Casey Jones, vice president of the H. Belfield Hannibal chapter of the Union of Black Episcopalians, recalled experiences growing up in Columbus, Georgia, about an hour from Montgomery, Alabama, and as an undergraduate student at King’s alma mater, the historically Black Morehouse College in Atlanta, “where everybody has a story about Dr. King.”

Jones told one particularly powerful story: “[A]s a child … Dr. King was convinced he could fly. They say that he jumped from the second story of his house, to prove, I guess, to himself and to the rest of the family that he could fly. As I think about the legacy of the life of Dr. King to our community, it strikes me that he was the guy who was convinced he could fly. And he’s the guy who convinced us that we could fly. He convinced this nation and this world that, with love, with compassion for one another, that we could soar to the heights and the depths of our humanity and become one beloved community.”

Kathleen Dvorak Ashelford, of the Cheyenne River Lakota Tribe and a member of First Women Around the Fire, a diocesan ministry, said that, although King’s contributions to Native American rights “are enormous,” they are not widely known.

She cited King’s 1964 book Why We Can’t Wait, in which he wrote, “Our nation was born in genocide when it embraced the doctrine that the original American, the Indian, was an inferior race. Even before there were large numbers of Negroes on our shores, the scar of racial hatred had already disfigured colonial society. We tried as a matter of national policy to wipe out our indigenous population.”

“Dr. King advocated specifically for the desegregation of Native Americans in school systems,” Ashelford said. King met with tribal leaders, and his work inspired the founding of the Native American Rights Fund, the “oldest and largest legal advocacy group” for Native Americans, she said.

“While King’s courage and dedication cost him his life at an early age, his teachings live on in all those who seek justice. King’s dream was for all God’s children.”

Thomas Diaz, a parishioner at All Saints Church in Pasadena and a L.A. deputy to The Episcopal Church’s 2022 General Convention, cited the witness of Bayard Rustin, a key but relatively behind-the-scenes King advisor for the 1963 March on Washington.

Rustin’s gay identity cost him that visibility, but he maintained that his identity as an African American went hand in hand with his identity as a gay man, Diaz said. In an interview with The Village Voice, recovered in 2019 by National Public Radio, Rustin had said, “It was an absolute necessity for me to declare homosexuality, because if I didn’t, I was a part of the prejudice that was a part of the effort to destroy me.”

Diaz said: “As King proclaimed, freedom is not won by the passive acceptance of suffering. Freedom is won by the struggle against suffering. People like myself, and my gay, lesbian, bisexual, queer and transgender siblings know a little bit about passive acceptance. We also know its sufferings and yet we have also made great strides to overcome it.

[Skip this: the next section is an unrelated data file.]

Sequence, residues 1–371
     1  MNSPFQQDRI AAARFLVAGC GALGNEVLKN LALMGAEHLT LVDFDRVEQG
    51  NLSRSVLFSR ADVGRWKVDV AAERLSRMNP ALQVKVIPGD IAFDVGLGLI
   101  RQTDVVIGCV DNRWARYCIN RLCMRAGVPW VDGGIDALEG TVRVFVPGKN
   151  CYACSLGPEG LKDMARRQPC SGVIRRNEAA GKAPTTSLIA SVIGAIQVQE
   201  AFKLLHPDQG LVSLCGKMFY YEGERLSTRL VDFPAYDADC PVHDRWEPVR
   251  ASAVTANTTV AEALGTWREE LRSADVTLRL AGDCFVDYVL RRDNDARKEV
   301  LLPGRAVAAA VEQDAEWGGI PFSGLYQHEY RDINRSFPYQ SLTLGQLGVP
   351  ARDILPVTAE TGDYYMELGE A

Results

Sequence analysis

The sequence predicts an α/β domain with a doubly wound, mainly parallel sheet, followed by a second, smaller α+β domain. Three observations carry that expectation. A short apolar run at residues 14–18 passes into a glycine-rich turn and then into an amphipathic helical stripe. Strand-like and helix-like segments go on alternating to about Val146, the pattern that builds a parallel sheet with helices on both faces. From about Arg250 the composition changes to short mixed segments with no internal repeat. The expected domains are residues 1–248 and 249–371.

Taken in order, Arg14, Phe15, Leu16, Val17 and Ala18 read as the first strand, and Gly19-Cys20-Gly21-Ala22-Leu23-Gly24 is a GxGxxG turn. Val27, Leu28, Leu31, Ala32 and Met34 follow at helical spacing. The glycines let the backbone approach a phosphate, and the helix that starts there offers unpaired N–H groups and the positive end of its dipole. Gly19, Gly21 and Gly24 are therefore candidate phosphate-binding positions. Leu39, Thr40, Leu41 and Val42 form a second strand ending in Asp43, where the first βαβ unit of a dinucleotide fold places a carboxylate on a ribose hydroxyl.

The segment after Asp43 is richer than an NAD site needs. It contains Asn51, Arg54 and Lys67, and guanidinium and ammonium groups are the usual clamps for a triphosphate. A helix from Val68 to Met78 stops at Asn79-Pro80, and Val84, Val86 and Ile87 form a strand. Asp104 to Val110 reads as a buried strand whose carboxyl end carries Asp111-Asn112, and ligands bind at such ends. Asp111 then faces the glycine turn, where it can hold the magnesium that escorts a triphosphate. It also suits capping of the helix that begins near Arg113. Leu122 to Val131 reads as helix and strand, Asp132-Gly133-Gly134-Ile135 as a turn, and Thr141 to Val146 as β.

“We have so much more work to do, to bring along the full liberation for all of God’s children in this country,” he said. “But take heart, because our struggle is the gateway to freedom. We as gay, lesbian, bisexual, queer and transgender children of God … are the leaders to this freedom.”

King stood with civil rights leaders to make this freedom possible, he said. “May we be reminded on this day of remembrance of Dr. King that … our struggle will continue to turn into liberation for all peoples. So, keep proclaiming this liberation and its truth. Keep the faith. The Spirit is alive in us. Let us continue the holy work of liberation.”

A history of Christ the Good Shepherd Church

Leonard Jolly-Blanks shared the history of Christ the Good Shepherd Church, born of the merger of three local Episcopal congregations in Los Angeles: St. Andrew’s (founded 1906), Good Shepherd (1912), and Christ Chapel, a mission of St. James’ Church, founded in 1953, and renamed in 1957.

A new church was built at Eleventh Avenue and Vernon and the first service was held in 1959. Jolly-Blanks cited the church’s long history of community outreach and support, including the 1975 establishment of Good Shepherd Manor, affordable housing for senior citizens. In 1986 the church was named a Jubilee center and later sponsored a Black college tour, enabling young people to expand their higher educational opportunities.

Through the church, Canon Percia Hutcherson, a physical therapist and longtime medical missionary, established Mission Kenya, a collaborative outreach between the congregation and the Diocese of Eldoret in East Africa, to assist persons with disabilities. She was also instrumental, along with the church and the Los Angeles diocese, in establishing Good Shepherd Homes, an apartment complex for persons with disabilities.

The church has continued to be a vital presence, providing meeting space and community outreach, including food, clothing and other items monthly, he said. The congregation “continues to serve others and follow the example of Christ in caring for the community.”